The IARC reckons that each 50-gram portion of processed meat eaten daily increases one’s risk of colorectal cancer by 18%. Now that’s a lot of scary right there! But critics a.k.a. The Resistance point to the followers of the Mediterranean Diet as an example for their case against such findings. These “dieters” – I refer to them in quotation marks because they aren’t really suffering as regular dieters do, are they? – eat double the recommended amount of processed meat and still have the longest life spans in the world. They also tend to live in Spain and Italy.


I think this second point’s important: the Spanish and Italians have a long history and tradition of eating cured and preserved meats, and over centuries could imaginably have built up a cultural resistance, even immunity, to any badness. I believe the local environments and lifestyles in Spain and Italy also make an important contribution to the formula. And there’s probably a difference in the processed meats that we buy in supermarkets or eat at restaurants, compared to meats that are processed at home by the Spanish and Italians themselves or their neighbourhood butcher shop which they’ve patronised their whole lives. In any case, to be fair I’d take the Med-Diet counter argument with a pinch of salt.


Regardless of either side’s claims, meat remains a good source of important nutrients like iron, zinc, vitamin B12 and proteins. Studies show that the risk of developing colorectal cancer from consuming processed meat is comparatively small, but that this risk does increase proportionately to the amount of processed meat consumed, and even small decreases in consumption help.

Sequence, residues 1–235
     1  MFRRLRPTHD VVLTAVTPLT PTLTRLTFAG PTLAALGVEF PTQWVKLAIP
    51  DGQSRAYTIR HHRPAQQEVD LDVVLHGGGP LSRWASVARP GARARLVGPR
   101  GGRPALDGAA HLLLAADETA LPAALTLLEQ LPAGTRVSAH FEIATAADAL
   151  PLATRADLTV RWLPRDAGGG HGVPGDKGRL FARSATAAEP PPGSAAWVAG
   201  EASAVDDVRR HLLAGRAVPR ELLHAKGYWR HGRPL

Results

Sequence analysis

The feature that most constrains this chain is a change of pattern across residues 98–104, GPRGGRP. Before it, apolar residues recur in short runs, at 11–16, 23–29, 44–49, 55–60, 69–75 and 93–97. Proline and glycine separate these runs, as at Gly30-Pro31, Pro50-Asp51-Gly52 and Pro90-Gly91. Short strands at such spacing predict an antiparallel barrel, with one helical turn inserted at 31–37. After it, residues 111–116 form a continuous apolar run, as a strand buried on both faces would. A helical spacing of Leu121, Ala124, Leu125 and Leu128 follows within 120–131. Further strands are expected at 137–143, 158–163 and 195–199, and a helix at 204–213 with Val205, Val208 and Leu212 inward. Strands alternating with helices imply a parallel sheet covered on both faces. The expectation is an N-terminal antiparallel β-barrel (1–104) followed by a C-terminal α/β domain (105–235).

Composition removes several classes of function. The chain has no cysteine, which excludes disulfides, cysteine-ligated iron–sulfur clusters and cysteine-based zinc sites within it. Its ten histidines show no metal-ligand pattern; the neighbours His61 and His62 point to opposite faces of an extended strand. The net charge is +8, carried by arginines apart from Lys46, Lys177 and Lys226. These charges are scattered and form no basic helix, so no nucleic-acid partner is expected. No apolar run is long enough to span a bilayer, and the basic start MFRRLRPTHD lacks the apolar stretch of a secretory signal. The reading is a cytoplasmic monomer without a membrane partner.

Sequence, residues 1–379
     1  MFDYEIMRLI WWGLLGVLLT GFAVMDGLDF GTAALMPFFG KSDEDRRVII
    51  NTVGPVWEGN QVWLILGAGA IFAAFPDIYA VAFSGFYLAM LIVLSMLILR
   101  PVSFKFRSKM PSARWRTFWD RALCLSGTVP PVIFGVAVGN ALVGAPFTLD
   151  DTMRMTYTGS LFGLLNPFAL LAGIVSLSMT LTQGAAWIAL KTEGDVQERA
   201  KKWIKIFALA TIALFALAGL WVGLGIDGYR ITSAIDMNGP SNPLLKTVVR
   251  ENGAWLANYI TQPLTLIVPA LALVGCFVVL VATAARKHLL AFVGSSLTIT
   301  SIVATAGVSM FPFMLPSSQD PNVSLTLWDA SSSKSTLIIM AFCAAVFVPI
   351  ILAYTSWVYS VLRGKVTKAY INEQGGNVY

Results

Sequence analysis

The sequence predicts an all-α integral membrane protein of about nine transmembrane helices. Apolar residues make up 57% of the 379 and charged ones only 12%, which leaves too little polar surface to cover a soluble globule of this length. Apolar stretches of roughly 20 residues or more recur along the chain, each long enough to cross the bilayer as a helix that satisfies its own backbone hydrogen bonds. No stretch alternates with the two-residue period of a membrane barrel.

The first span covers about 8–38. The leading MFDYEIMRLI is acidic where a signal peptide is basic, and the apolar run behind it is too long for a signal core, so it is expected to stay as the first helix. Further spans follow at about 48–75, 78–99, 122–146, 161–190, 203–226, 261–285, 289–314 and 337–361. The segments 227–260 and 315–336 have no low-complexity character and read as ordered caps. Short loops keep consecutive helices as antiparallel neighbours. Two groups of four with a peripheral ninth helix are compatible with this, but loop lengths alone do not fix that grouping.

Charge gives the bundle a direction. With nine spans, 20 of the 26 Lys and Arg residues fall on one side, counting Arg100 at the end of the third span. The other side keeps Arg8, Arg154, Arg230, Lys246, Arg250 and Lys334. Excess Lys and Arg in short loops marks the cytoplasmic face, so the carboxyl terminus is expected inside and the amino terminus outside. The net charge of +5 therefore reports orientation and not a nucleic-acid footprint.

So ultimately, and as it is with most things, moderation is key. As Gunter Kuhnle, a nutrition expert from the University of Reading, puts it “Processed meat can be part of a healthy lifestyle – smoking can’t.”


And besides, I think there are “mitigators” you can eat together with an enjoyable barbeque or bacon-and-cheese burger, such as asparagus, avocados, a salad of leafy-greens, and many other yummy foods rich in vitamin C, antioxidants, and anti-cancer and anti-inflammation properties. Perhaps it’s a good time now to re-read some of our earlier blog posts that talk about these foods. Till the next one!